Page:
Infrastructure program potential driving uptick in AEC M&A
A study by FMI Capital Advisors found that projected growth in U.S. infrastructure spending will continue to drive mergers and acquisitions in AEC, Engineering News-Record reported.
FMI tracked 50 M&A deals in Q2 2017, including AECOM's $175 million purchase of Shimmick Construction. The labor shortage is also driving the M&A market as companies look to combine resources and expertise in areas like automation and prefabrication, specialization that could help combat a tight supply of workers.
Any meaningful traction on Trump's $1 trillion proposed infrastructure program is likely two or three years away. However, more use of public-private partnerships and design–build by government agencies now is a signal to the private sector that they need to gain that know-how, and M&A transactions are a way to achieve that.
Trump's infrastructure proposal has not yielded much in the way of actual projects, but the buzz continues, and companies like AECOM and Jacobs Engineering are positioning themselves to be ready when the time comes.
Earlier this year, AECOM said it was preparing to launch a five-year, $3.5 billion spending run in an effort to become the biggest infrastructure firm in the world. Acquisitions and organic growth were central to the plan, whose focus on North America is as much a response to Trump's expected proposal as it is to slowing world economies and increasing geopolitical turmoil.
A month later, in April, the company announced plans to form a new business division devoted to federal contracting. The company tapped former Kiewit Corporation executive Vern Kuehn to head up the new unit. It will advocate for increased federal use of the design-build and integrated project delivery (IPD) methods.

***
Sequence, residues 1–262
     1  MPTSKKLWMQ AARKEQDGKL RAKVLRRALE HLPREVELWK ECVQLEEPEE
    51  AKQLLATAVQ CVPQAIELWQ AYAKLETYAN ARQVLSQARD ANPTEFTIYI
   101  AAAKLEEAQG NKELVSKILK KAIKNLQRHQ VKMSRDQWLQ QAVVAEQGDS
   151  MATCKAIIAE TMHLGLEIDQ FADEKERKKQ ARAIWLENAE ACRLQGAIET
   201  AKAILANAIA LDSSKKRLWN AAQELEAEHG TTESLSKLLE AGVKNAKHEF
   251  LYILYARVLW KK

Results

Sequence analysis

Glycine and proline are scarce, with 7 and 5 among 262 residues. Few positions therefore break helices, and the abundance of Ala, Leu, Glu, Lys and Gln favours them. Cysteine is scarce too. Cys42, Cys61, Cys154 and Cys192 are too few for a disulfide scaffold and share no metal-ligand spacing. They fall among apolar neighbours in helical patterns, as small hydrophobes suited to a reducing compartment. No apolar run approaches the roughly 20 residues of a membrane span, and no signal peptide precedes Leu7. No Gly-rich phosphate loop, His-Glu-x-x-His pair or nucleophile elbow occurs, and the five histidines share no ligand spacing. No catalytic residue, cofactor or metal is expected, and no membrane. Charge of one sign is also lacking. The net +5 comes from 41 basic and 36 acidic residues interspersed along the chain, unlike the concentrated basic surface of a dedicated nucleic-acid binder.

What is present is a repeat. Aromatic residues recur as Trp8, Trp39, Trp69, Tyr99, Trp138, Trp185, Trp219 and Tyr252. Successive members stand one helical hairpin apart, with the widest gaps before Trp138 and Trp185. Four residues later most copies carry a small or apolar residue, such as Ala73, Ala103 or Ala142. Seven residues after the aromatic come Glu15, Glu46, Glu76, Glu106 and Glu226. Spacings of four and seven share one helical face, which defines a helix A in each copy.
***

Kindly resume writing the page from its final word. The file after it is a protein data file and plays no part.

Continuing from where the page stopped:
The company has also been aggressive in proposing and securing work. Around the time of its multibillion dollar program news, the company sent the Treasury Department a $200-billion list of water and infrastructure projects that it said could have an economic impact of up to $1.3 trillion.
AECOM also wasn't shy about inserting itself into what was almost a one-company lock on the new $1 billion Kansas City (MO) International Airport terminal project. Local engineering firm Burns & McDonnell had proposed to privately finance the project, but after that plan was made public, AECOM made its own IPD proposal to the Kansas City Council. That pushed the council to put the project out to bid, and it is now considering proposals from four construction and development teams, AECOM and Burns & McDonnell included.
The company isn't alone in its growth ambitions. Earlier this month, Jacobs Engineering announced plans to buy CH2M Hill in a $2.85 billion deal. The combined firms expect to see annual revenues of $15.1 billion, rivaling AECOM's $17.4 billion in 2016 revenues.
- Engineering News-Record US Infrastructure Push Is Driving More Merger Activity Among AEC Firms, New Survey Says
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